German Condor to retire another Boeing 767
German leisure airline Condor will retire another of its aging Boeing 767s. Most of the airline’s 767s are leased, and as the lease expires, the airline has chosen not to renew. This is the second 767 to retire from Condor this year.
In January of this year, Condor confirmed that the first of its Boeing 767s would leave its fleet. The aircraft, registered D-ABUL, was leased to the airline in 2012. When the lease expired, Condor announced that it would withdraw the aircraft. The Boeing 767-300 is now registered N664GT with the American airline Atlas Air.
At the time, Condor had only hinted that it would withdraw its fleet of 15 Boeing 767s, claiming that only D-ABUL would be leaving the fleet due to the end of its lease. However, it looks like the same fate is on the cards for more Condors 767s.
According to AeroTELEGRAPH, a second aircraft will leave the fleet in the fall. The airline hasn’t confirmed exactly which plane it will be, but with five 767s over 28 years old and three over 27 years old, it could be any of them.
An overhaul of the fleet
Although the airline has not confirmed that it will be phasing out all types, it will likely look to replace them in the next few years. The youngest of his 767s are still over 20 years old.
Investment firm Attestor bought 51% of the airline earlier this year and immediately started talking about the airline overhaul. The airline now has a budget of 250 million euros ($ 305 million) to renew its fleet, including replacing the aging 767s. It also operates 13 Boeing 757s with an average age of 22; six are currently not in service. According to ch-aviation.com, the airline also operates 10 A321s and 12 A320s.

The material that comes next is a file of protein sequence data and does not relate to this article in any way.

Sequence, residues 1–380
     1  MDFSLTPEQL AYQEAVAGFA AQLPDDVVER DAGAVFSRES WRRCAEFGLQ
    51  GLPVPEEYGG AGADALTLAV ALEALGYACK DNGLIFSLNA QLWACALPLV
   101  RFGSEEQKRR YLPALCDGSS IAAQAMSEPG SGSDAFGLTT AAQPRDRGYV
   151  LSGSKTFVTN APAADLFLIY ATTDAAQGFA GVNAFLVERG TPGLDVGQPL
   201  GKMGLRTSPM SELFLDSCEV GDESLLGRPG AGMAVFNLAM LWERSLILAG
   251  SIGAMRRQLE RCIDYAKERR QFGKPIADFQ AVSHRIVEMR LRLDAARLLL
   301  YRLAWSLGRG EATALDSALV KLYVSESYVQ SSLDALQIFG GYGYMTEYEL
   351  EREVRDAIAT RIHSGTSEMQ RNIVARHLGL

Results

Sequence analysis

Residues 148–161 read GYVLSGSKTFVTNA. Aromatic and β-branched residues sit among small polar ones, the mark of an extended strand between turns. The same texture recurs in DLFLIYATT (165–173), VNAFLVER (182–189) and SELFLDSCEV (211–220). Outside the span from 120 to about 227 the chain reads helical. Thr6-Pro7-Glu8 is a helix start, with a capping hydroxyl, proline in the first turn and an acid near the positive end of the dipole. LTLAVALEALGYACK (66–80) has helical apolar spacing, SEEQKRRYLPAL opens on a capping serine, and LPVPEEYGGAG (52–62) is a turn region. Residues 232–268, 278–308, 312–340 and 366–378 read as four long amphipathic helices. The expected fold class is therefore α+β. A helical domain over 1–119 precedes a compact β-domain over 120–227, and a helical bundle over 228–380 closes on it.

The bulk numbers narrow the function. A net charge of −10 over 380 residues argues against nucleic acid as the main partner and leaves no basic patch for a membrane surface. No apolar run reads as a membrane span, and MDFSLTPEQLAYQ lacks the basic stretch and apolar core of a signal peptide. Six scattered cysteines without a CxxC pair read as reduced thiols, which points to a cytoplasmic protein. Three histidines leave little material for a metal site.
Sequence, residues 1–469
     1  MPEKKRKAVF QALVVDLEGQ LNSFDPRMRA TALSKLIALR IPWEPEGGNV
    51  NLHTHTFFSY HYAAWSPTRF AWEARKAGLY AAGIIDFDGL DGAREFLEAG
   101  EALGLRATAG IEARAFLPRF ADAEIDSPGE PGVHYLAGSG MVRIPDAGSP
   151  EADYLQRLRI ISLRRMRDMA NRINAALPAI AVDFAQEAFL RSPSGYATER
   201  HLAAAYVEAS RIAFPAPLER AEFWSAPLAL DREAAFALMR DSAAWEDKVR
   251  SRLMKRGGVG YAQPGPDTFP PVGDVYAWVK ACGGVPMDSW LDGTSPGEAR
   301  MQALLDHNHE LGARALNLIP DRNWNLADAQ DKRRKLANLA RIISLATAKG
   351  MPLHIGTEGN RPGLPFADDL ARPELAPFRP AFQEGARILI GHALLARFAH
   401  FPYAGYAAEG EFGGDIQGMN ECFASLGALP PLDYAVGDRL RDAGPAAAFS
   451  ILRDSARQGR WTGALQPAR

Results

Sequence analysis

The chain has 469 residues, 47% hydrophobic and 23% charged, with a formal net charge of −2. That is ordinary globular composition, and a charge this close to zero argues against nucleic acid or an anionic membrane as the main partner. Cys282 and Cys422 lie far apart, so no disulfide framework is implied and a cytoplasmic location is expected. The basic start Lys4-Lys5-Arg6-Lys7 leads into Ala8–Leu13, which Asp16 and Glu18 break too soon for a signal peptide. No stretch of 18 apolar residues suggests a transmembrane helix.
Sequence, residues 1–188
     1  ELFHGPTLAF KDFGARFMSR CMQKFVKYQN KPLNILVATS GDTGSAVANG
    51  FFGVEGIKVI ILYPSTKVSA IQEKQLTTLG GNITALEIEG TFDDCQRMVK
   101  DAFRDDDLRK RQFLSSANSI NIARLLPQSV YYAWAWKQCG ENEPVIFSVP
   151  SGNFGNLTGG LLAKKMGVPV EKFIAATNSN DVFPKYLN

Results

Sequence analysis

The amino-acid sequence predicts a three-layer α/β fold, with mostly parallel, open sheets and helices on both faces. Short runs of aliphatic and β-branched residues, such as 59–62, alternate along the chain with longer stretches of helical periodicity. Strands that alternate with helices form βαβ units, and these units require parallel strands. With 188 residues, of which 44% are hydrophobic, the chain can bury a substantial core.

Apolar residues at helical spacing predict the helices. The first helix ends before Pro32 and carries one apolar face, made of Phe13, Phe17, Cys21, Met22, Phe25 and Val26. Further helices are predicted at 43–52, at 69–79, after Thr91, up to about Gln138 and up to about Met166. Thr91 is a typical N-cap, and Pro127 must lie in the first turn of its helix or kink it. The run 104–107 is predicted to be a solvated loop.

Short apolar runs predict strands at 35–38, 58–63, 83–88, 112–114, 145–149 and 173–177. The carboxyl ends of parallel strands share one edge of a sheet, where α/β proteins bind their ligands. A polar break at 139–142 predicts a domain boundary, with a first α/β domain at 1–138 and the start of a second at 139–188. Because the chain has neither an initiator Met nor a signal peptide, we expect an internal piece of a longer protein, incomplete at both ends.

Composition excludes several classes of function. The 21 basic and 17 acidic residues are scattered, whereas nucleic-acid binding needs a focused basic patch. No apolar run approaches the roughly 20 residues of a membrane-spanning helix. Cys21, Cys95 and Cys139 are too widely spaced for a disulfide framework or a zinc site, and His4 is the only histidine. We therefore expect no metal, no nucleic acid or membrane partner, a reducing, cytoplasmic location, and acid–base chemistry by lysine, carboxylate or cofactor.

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Condor was the unlikely survivor of the Thomas Cook collapse, and now he’s found a buyer amid one of the most turbulent times in aviation history. The airline seems to be lucky on its side. However, it is not quite out of the woods yet.
EU competition watchdogs have yet to approve the takeover, although so far there is no indication that things are going wrong for the airline. Although the airline took a heavy blow, one of Ryanair’s legal challenges has been granted. An EU general court ruled that the German government’s loan of 550 million euros ($ 670 million) to help the airline deal with the pandemic was unfair. The airline also received a â¬ 380m ($ 454m) loan in 2019 to keep it alive after Thomas Cook went bankrupt.
Condor therefore certainly has a long way to go before purchasing new aircraft becomes its top priority. But it looks like the fleet renewal process has already started. With a 767 already retired and another in a few months, it’s likely that more will follow. Most of the airline’s 767s are leased and will be replaced when the leases expire. So for now, the only question is, what should the airline replace the Boeing 767s with?
Which Condor aircraft do you think should choose to replace its aging fleet? Let us know your thoughts in the comments.